President Obama introduced a new sticker incentive program in Congress last Monday focused on increasing legislative productivity during his final months as president and fostering a sense of urgency. The program, for which charts were hung on the wall in both the House and the Senate with each senator and representative’s name written on them in alphabetical order, has received mixed reactions from Congress.
“It seems like a fine idea to me,” said Senator Chris Murphy, a democrat from Connecticut. “Yesterday I got three gold stars just for suggesting we plan a time to start discussing the new Supreme Court nominee.” Other congressmen, in response to the halting and strenuous progress made by Congress in recent months, have praised the idea as “befitting of our country’s dedication to achievement.”
The initiative, however, does not have positive reviews from all congressmen.
“This system is biased,” said Speaker of the House Paul Ryan. “At this rate, I won’t have enough stickers to redeem for extra congressional recess until January!”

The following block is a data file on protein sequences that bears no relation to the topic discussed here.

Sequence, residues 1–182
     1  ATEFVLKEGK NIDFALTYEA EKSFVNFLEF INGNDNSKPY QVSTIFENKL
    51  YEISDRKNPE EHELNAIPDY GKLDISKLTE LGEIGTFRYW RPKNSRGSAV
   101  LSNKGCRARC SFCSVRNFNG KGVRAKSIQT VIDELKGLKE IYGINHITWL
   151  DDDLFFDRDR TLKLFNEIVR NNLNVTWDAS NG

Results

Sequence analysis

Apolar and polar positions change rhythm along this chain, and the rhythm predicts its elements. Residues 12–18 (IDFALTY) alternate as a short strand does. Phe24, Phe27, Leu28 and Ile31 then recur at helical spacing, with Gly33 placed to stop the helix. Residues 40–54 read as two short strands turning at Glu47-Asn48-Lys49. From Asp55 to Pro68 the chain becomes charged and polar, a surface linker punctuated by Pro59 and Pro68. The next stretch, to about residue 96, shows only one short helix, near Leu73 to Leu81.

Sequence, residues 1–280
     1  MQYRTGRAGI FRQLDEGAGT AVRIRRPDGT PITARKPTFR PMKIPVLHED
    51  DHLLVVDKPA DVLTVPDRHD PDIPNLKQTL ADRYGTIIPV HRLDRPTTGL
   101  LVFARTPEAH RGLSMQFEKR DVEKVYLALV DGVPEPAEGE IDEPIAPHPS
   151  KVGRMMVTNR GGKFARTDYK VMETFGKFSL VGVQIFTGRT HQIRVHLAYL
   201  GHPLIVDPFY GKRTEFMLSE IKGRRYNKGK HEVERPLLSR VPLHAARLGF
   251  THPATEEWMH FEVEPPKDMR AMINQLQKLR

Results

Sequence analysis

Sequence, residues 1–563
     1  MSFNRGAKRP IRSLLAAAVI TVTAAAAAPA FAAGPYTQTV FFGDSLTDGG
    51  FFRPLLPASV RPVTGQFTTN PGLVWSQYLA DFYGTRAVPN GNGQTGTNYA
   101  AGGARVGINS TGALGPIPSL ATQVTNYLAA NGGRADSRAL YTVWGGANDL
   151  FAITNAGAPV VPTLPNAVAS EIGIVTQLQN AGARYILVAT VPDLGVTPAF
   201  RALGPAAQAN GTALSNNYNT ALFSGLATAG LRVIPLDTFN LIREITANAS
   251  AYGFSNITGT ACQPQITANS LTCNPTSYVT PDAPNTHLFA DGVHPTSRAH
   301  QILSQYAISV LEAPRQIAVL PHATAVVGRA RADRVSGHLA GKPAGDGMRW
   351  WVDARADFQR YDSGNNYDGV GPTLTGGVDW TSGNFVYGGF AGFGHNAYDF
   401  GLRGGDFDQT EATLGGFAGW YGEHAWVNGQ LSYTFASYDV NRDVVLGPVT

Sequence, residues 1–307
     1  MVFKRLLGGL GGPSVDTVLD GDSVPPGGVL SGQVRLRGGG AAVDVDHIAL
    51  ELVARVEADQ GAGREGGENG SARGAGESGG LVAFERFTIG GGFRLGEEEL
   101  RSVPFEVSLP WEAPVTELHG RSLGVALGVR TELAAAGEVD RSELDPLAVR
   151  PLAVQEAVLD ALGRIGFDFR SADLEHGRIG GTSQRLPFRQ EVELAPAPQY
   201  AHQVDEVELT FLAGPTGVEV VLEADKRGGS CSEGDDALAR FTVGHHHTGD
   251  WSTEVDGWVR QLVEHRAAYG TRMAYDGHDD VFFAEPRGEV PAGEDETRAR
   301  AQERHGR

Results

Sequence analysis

Certain elected officials have cited a similar sense of feeling excluded from recent productivity initiatives, such as the star chart as well as a chore wheel for sub-committees. Other rewards from the star chart program include two extra votes on a bill, lunch with the Secretary of State, and even a day as president for those lucky congressmen who can work their way up to 100 stars.
“I believe the highly qualified men and women just need a little push towards compromise,” commented President Obama as he introduced the system. He later added, “I’m not afraid to give demerits.”
At press time, Vice President Biden was seen rummaging through Obama’s desk in search of star stickers to keep for himself.